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England to End COVID-19 Routine Testing in Care Homes

Most of the COVID-19 testing will end in England from April, including symptomatic testing in care homes, the UK Health Security Agency (UKHSA) said on Friday.

The NHS COVID-19 app, which alerts close contacts of a positive case and provides advice about COVID-19, will also be closed on April 27.

It comes more than a year after England scrapped all legal restrictions and began “living with COVID.

The UKHSA said it’s time for COVID-19 testing in England to be “further aligned with the management of other common respiratory infections” thanks to increased access to COVID-19 treatments and the high natural or vaccine-induced immunity among the population.

From April 1, there will be no more PCR testing outside of NHS settings.

Most routine asymptomatic testing in hospitals and care homes has already ended in August 2022 for non-immunocompromised patients. From April 1, all routine asymptomatic testing will be scrapped.

However, all patients being discharged from hospitals into care settings will still be tested.

Routine symptomatic testing will also end for staff and residents in care settings, prisons and places of detention, homelessness and refuge settings, and asylum settings, unless there is an outbreak.

People walk past a sign directing to a walk-in mobile COVID-19 testing centre in Spinney Hill Park in Leicester, England, on June 28, 2020. (Darren Staples/Getty Images)

Some groups will still be able to get Lateral Flow tests (LFDs) if they have COVID-19 symptoms, including hospice staff, NHS staff working on inpatient wards with severely immunosuppressed patients, hospital patients where needed to inform decisions such as ward transfers, and those who are eligible for COVID-19 treatment.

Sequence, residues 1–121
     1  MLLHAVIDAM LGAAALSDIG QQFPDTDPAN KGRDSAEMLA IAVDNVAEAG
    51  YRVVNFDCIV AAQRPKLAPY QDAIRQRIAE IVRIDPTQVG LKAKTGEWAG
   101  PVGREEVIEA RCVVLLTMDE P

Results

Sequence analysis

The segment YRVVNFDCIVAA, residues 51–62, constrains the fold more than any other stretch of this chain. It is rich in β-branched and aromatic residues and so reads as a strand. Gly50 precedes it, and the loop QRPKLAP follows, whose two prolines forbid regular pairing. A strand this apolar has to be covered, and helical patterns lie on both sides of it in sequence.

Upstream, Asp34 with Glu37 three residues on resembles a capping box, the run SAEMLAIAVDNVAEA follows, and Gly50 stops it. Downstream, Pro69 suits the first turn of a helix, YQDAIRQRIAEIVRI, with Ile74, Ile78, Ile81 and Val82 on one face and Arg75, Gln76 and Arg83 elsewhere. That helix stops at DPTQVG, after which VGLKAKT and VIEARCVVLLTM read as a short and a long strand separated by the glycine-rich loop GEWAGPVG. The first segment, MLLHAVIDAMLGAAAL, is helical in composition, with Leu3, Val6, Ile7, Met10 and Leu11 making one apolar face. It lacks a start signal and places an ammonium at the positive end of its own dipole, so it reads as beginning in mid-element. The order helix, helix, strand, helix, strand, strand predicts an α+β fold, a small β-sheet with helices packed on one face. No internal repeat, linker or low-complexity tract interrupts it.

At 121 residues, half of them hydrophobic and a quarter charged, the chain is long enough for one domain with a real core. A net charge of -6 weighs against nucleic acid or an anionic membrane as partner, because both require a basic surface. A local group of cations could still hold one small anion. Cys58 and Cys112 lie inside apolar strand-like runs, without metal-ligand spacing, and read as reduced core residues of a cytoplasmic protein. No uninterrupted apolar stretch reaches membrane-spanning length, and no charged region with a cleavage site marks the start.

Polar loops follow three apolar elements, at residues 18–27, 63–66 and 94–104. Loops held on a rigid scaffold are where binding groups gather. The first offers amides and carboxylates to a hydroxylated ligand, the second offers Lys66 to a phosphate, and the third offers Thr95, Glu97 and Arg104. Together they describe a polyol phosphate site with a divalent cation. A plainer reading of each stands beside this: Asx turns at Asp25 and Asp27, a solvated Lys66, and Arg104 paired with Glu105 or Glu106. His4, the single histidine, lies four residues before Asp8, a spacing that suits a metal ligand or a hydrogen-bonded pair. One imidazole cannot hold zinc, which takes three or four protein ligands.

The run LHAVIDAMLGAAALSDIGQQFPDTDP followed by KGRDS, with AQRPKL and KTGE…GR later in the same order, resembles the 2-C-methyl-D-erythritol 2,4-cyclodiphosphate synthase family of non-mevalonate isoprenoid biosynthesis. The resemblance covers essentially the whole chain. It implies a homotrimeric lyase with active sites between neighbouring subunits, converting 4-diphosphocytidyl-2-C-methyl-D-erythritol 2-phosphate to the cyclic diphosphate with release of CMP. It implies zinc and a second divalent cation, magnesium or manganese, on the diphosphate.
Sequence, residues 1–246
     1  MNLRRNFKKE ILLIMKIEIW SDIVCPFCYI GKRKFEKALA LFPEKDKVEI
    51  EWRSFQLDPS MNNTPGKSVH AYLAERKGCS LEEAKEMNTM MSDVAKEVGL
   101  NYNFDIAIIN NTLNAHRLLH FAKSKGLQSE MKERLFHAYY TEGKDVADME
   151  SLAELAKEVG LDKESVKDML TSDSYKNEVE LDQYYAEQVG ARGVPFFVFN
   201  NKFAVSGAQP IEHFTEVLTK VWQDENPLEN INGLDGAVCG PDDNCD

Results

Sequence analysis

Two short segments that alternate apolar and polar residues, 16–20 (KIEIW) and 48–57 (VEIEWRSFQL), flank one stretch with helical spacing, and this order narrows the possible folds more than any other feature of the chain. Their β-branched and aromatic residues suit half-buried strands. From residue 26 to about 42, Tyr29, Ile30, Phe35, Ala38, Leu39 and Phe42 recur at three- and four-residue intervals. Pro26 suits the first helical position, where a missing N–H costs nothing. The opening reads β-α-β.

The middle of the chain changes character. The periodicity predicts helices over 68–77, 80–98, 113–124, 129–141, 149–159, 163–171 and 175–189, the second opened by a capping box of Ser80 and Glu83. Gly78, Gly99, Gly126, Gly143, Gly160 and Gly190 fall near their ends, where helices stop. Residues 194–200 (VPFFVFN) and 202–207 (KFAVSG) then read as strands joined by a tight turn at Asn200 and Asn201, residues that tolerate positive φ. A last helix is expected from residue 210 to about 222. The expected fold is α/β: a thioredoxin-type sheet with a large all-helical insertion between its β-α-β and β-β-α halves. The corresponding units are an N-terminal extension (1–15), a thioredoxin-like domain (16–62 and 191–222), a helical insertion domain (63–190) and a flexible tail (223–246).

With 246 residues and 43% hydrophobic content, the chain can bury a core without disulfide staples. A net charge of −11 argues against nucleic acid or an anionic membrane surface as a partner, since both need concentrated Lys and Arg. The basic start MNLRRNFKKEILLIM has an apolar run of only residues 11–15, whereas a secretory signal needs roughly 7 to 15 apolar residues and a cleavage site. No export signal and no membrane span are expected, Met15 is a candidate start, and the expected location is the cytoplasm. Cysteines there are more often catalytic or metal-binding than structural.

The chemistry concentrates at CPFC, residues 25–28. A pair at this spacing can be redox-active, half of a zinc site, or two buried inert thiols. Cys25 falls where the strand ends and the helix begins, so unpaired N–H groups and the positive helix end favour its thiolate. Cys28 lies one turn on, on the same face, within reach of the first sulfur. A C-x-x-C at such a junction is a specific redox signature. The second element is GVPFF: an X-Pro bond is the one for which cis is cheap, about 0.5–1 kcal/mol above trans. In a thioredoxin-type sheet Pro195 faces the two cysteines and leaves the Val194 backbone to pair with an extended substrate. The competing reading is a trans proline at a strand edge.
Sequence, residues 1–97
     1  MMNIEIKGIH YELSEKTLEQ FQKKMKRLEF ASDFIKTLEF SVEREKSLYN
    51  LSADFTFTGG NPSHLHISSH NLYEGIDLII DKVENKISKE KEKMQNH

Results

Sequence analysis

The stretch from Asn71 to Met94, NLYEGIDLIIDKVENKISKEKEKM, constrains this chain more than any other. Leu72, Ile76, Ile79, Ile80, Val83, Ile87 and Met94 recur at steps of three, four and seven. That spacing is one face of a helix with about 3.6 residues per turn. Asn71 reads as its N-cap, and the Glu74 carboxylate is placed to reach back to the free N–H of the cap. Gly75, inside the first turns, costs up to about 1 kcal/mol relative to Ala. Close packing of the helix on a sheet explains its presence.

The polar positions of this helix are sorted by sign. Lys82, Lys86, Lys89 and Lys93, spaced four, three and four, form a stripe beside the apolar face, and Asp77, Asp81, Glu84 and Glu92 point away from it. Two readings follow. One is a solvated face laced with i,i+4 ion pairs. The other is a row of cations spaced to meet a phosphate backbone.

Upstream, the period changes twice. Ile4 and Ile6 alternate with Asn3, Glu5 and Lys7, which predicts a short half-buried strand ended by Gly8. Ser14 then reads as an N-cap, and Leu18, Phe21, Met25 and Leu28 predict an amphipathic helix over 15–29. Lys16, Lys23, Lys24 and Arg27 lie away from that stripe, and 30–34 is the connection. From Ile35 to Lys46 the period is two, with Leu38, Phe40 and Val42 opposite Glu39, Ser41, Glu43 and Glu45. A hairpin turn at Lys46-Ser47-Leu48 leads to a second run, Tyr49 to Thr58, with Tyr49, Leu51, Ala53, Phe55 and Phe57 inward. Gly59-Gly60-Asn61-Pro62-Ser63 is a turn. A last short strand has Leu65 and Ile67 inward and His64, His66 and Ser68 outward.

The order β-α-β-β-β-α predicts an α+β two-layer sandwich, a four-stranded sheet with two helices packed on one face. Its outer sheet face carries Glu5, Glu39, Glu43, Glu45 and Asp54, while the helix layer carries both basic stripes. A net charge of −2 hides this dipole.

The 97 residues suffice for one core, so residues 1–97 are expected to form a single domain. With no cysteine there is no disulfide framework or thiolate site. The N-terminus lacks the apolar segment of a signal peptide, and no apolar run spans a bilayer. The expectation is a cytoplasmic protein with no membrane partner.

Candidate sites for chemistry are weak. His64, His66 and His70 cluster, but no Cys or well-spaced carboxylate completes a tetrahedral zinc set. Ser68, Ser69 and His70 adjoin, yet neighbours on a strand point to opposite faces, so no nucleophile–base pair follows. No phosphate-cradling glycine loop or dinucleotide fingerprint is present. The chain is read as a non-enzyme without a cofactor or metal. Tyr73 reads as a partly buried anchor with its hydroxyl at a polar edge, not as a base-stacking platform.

The government said that LFDs “have proven to be effective, rapid, and safe,” and that the test results are still “regularly monitored against new variants and continue to be effective at detecting COVID-19.”

It also said testing capacity will be retained so it can be scaled up again if the NHS comes under “significantly increased pressure” from another COVID-19 wave or a new variant.

Dame Jenny Harries, chief executive of UKHSA, said fewer people are now experiencing severe illness due to COVID-19.

She attributed the development to “vaccinations, infection-related immunity and treatments for those who need them, and the risk of hospitalisation has decreased overall.”

“This means we are now able to further bring our testing programmes in line with management of other viral infections whilst still maintaining focus on those at highest risk to protect them from the virus,” she said.

“COVID-19 and other respiratory illnesses haven’t gone away and simple actions, like washing your hands and staying at home and avoiding vulnerable people when unwell, can make a big difference. For those at highest risk of severe illness, the spring booster programme also provides an opportunity to keep immunity topped up.”

Health and Social Care Secretary Steve Barclay praised the testing scheme, which he said was “crucial” to the response during the height of the pandemic. He also touted England’s “successful vaccination programme,” saying it has “protected the most vulnerable, saved thousands of lives, and has helped us all to live with COVID.”

Thankfully we are now able to scale back our testing programme while remaining committed to ensuring those at highest risk and more prone to severe illness get the protection they need,” he said.

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